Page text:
Variables in make are much like variables in the shell, and, by tradition, consist of all upper-case letters. The five operators that can be used to assign values to variables are as follows: = Assign the value to the variable. Any previous value is overridden. += Append the value to the current value of the variable. ?= Assign the value to the variable if it is not already defined. := Assign with expansion, i.e. expand the value before assigning it to the variable. Normally, expansion is not done until the variable is referenced. != Expand the value and pass it to the shell for execution and assign the result to the variable. Any new- lines in the result are replaced with spaces. Any white-space before the assigned value is removed; if the value is being appended, a single space is inserted between the previous contents of the variable and the appended value. Variables are expanded by surrounding the variable name with either curly braces ('{}') or parentheses ('()') and preceding it with a dollar sign ('$'). If the variable name contains only a single letter, the surrounding braces or parentheses are not required. This shorter form is not recommended. Variable substitution occurs at two distinct times, depending on where the variable is being used. Variables in dependency lines are expanded as the line is read. Variables in shell commands are expanded when the shell com- mand is executed. The four different classes of variables (in order of increasing precedence) are: Environment variables Variables defined as part of 's environment. Global variables Variables defined in the makefile or in included makefiles. Command line variables Variables defined as part of the command line. Local variables Variables that are defined specific to a certain target. The seven local variables are as follows: .ALLSRC The list of all sources for this target; also known as '>'. .ARCHIVE The name of the archive file. .IMPSRC The name/path of the source from which the target is to be transformed (the ``implied'' source); also known as '<'. .MEMBER The name of the archive member. .OODATE The list of sources for this target that were deemed out-of-date; also known as '?'. .PREFIX The file prefix of the file, containing only the file portion, no suffix or preceding direc- tory components; also known as '*'. .TARGET The name of the target; also known as '@'. The shorter forms '@', ''?, '>' and '*' are permitted for backward compatibility with historical make- files and are not recommended. The six variables '@F', '@D', '<F', '<D', '*F' and '*D' are permitted for compatibility with AT&T System V UNIX makefiles and are not recommended. Four of the local variables may be used in sources on dependency lines because they expand to the proper value for each target on the line. These variables are '.TARGET', '.PREFIX', '.ARCHIVE', and '.MEMBER'. In addition, make sets or knows about the following variables: $ A single dollar sign '$', i.e. '$$' expands to a single dollar sign. .MAKE The name that make was executed with (argv[0]) .CURDIR A path to the directory where make was executed. .OBJDIR A path to the directory where the targets are built. MAKEFLAGS The environment variable 'MAKEFLAGS' may contain anything that may be specified on 's command line. Anything specified on 's command line is appended to the 'MAKEFLAGS' variable which is then entered into the environment for all programs which make executes. PWD Alternate path to the current directory. make normally sets '.CURDIR' to the canonical path given by getcwd(2). However, if the environment variable 'PWD' is set and gives a path to the current directory, then make sets '.CURDIR' to the value of 'PWD' instead. 'PWD' is set to the value of '.OBJDIR' for all programs which make executes. Variable expansion may be modified to select or modify each word of the variable (where a ``word'' is white-space delimited sequence of characters). The general format of a variable expansion is as fol- lows: {variable[:modifier[:...]]} Each modifier begins with a colon and one of the following special characters. The colon may be escaped with a backslash ('\'). E Replaces each word in the variable with its suffix. H Replaces each word in the variable with everything but the last component. Mpattern Select only those words that match the rest of the modifier. The standard shell wildcard characters ('*', ''?, and '[]') may be used. The wildcard characters may be escaped with a backslash ('\'). Npattern This is identical to 'M', but selects all words which do not match the rest of the modifier. Q Quotes every shell meta-character in the variable, so that it can be passed safely through recursive invocations of . R Replaces each word in the variable with everything but its suffix. S/old_string/new_string/[1g] Modify the first occurrence of old_string in the variable's value, replacing it with new_string. If a 'g' is appended to the last slash of the pattern, all occurrences in each word are replaced. If a '1' is appended to the last slash of the pattern, only the first word is affected. If old_string begins with a caret ('^'), old_string is anchored at the beginning of each word. If old_string ends with a dollar sign ('$'), it is anchored at the end of each word. Inside new_string, an ampersand ('&') is replaced by old_string (without any '^' or '$'). Any character may be used as a delimiter for the parts of the modifier string. The anchoring, ampersand and delimiter characters may be escaped with a backslash ('\'). Variable expansion occurs in the normal fashion inside both old_string and new_string with the single exception that a backslash is used to prevent the expansion of a dollar sign ('$'), not a preceding dollar sign as is usual. C/pattern/replacement/[1g] The C modifier is just like the S modifier except that the the old and new strings, instead of being simple strings, are a regular expression (see regex(3)) and an ed(1)-style replace- ment string. Normally, the first occurrence of the pattern in each word of the value is changed. The '1' modifier causes the substitution to apply to at most one word; the 'g' modifier causes the substitution to apply to as many instances of the search pattern as occur in the word or words it is found in. Note that '1' and 'g' are orthogonal; the former specifies whether multiple words are potentially affected, the latter whether multiple sub- stitutions can potentially occur within each affected word. T Replaces each word in the variable with its last component. ? true_string false_string If the variable evaluates to true, return as its value the true_string, otherwise return the false_string. old_string=new_string This is the AT&T System V UNIX style variable substitution. It must be the last modifier specified. If old_string or new_string do not contain the pattern matching character % then it is assumed that they are anchored at the end of each word, so only suffixes or entire words may be replaced. Otherwise % is the substring of old_string to be replaced in new_string INCLUDE STATEMENTS, CONDITIONALS AND FOR LOOPS Makefile inclusion, conditional structures and for loops reminiscent of the C programming language are provided in . All such structures are identified by a line beginning with a single dot ('.') character. Files are included with either .include <file> or .include "file". Variables between the angle brackets or double quotes are expanded to form the file name. If angle brackets are used, the included makefile is expected to be in the system makefile directory. If double quotes are used, the including makefile's directory and any directories specified using the -I option are searched before the system makefile directory. For compatibility with other versions of make 'include file ...' is also accepted. If the include statement is written as .-include or as .sinclude then errors locating and/or opening include files are ignored. Conditional expressions are also preceded by a single dot as the first character of a line. The possible condi- tionals are as follows: .undef variable Un-define the specified global variable. Only global variables may be un-defined. .if [!]expression [operator expression ...] Test the value of an expression. .ifdef [!]variable [operator variable ...] Test the value of a variable. .ifndef [!]variable [operator variable ...] Test the value of a variable. .ifmake [!]target [operator target ...] Test the target being built. .ifnmake [!] target [operator target ...] Test the target being built. .else Reverse the sense of the last conditional. .elif [!] expression [operator expression ...] A combination of '.else' followed by '.if'. .elifdef [!]variable [operator variable ...] A combination of '.else' followed by '.ifdef'. .elifndef [!]variable [operator variable ...] A combination of '.else' followed by '.ifndef'. .elifmake [!]target [operator target ...] A combination of '.else' followed by '.ifmake'. .elifnmake [!]target [operator target ...] A combination of '.else' followed by '.ifnmake'. .endif End the body of the conditional. The operator may be any one of the following: || logical OR && Logical AND; of higher precedence than ``||''. As in C, make will only evaluate a conditional as far as is necessary to determine its value. Parentheses may be used to change the order of evaluation. The boolean operator '!' may be used to logically negate an entire conditional. It is of higher precedence than '&&'. The value of expression may be any of the following: defined Takes a variable name as an argument and evaluates to true if the variable has been defined. make Takes a target name as an argument and evaluates to true if the target was specified as part of 's command line or was declared the default target (either implicitly or explicitly, see .MAIN) before the line containing the conditional. empty Takes a variable, with possible modifiers, and evaluates to true if the expansion of the variable would result in an empty string. exists Takes a file name as an argument and evaluates to true if the file exists. The file is searched for on the system search path (see .PATH). target Takes a target name as an argument and evaluates to true if the target has been defined. Expression may also be an arithmetic or string comparison. Variable expansion is performed on both sides of the comparison, after which the integral values are compared. A value is interpreted as hexadecimal if it is pre- ceded by 0x, otherwise it is decimal; octal numbers are not supported. The standard C relational operators are all supported. If after variable expansion, either the left or right hand side of a '==' or '!=' operator is not an integral value, then string comparison is performed between the expanded variables. If no relational operator is given, it is assumed that the expanded variable is being compared against 0. When make is evaluating one of these conditional expression, and it encounters a word it doesn't recognize, either the ``make'' or ``defined'' expression is applied to it, depending on the form of the conditional. If the form is '.ifdef' or '.ifndef', the ``defined'' expression is applied. Similarly, if the form is '.ifmake' or '.ifnmake, the ``make''' expression is applied. If the conditional evaluates to true the parsing of the makefile continues as before. If it evaluates to false, the following lines are skipped. In both cases this continues until a '.else' or '.endif' is found. For loops are typically used to apply a set of rules to a list of files. The syntax of a for loop is: .for variable in expression <make-rules> .endfor After the for expression is evaluated, it is split into words. The iteration variable is successively set to each word, and substituted in the make-rules inside the body of the for loop.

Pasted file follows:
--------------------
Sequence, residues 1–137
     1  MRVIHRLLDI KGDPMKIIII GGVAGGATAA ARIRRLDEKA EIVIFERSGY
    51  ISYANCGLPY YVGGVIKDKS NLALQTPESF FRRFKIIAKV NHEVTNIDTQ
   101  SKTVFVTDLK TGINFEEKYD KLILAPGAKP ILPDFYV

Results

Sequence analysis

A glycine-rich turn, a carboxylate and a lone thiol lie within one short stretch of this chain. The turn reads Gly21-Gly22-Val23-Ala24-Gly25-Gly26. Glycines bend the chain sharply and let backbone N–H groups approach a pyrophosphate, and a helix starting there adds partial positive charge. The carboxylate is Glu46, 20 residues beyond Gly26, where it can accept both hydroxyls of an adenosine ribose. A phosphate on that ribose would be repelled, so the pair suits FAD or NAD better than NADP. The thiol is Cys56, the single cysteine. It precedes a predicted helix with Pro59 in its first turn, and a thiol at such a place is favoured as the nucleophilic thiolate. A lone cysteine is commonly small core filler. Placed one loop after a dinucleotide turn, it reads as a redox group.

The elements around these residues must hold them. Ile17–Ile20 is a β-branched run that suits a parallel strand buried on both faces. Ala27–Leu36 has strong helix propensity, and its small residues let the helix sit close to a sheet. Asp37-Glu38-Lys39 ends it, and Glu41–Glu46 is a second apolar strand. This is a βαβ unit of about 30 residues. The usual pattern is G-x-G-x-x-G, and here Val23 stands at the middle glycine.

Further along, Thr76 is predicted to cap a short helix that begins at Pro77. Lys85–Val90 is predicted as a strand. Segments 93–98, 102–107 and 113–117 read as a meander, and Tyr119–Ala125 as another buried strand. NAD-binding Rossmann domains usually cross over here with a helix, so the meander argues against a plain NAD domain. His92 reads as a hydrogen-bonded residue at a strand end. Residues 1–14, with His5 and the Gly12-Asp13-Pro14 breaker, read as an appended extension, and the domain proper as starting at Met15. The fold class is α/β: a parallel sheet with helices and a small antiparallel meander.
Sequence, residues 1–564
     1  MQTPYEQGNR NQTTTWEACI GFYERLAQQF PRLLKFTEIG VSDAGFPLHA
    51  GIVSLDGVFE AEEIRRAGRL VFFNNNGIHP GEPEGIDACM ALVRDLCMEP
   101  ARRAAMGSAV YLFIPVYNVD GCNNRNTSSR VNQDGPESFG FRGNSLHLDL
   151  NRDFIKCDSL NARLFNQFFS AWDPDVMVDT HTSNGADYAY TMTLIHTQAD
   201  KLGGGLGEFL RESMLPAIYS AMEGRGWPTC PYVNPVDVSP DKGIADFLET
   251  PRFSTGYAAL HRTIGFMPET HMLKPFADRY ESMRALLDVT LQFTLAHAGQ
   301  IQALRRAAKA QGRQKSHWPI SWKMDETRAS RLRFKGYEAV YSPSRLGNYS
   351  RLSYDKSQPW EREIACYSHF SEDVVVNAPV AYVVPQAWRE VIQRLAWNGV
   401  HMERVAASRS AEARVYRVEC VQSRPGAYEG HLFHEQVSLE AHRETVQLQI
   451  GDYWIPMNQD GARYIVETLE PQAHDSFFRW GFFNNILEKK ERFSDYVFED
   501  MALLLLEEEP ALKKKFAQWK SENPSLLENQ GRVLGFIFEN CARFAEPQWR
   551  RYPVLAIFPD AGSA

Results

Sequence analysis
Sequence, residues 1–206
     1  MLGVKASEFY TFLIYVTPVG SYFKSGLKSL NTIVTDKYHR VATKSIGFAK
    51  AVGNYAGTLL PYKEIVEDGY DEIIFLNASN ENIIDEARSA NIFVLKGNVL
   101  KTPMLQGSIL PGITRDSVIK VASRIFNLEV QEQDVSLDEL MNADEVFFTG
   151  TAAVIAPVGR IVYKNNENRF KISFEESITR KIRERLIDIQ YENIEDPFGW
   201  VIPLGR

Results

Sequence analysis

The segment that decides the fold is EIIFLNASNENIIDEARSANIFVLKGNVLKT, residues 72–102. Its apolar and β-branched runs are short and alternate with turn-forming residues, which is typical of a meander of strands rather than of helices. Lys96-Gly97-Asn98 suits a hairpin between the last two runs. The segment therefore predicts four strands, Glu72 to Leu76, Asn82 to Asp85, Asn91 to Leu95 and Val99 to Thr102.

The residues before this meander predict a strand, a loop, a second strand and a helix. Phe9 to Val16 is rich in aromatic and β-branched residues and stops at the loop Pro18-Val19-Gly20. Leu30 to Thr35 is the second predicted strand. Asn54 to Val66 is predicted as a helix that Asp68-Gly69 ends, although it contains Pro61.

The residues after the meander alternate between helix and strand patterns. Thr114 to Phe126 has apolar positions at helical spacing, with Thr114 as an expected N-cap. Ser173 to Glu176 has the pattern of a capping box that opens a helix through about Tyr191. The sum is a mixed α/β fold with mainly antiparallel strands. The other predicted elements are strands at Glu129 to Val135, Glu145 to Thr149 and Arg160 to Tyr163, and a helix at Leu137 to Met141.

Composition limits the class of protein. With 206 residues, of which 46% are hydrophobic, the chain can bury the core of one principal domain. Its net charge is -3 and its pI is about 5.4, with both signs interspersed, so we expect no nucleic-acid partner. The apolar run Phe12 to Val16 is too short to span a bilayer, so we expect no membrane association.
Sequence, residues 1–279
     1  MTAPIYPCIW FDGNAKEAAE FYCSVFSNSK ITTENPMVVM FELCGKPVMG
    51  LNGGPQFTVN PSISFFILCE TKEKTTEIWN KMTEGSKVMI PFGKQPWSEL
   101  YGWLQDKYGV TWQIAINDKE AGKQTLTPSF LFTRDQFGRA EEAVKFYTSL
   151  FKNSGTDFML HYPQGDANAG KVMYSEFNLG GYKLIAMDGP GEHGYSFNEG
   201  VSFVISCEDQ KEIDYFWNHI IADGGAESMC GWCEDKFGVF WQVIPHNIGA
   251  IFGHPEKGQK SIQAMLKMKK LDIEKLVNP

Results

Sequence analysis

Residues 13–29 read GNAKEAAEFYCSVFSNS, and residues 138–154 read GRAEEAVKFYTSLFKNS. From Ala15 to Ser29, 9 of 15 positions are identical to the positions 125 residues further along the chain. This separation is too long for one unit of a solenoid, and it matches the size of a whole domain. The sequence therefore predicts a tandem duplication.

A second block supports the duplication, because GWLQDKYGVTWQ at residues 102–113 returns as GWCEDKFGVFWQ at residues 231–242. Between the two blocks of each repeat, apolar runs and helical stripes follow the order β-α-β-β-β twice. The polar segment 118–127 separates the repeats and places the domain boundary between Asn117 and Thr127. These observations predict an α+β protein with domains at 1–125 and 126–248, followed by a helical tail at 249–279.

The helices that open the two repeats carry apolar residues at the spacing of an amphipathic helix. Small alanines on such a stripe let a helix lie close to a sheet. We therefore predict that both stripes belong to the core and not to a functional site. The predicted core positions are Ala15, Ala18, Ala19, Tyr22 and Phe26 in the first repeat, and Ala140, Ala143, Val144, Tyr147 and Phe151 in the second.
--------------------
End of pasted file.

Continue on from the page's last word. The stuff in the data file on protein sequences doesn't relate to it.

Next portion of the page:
COMMENTS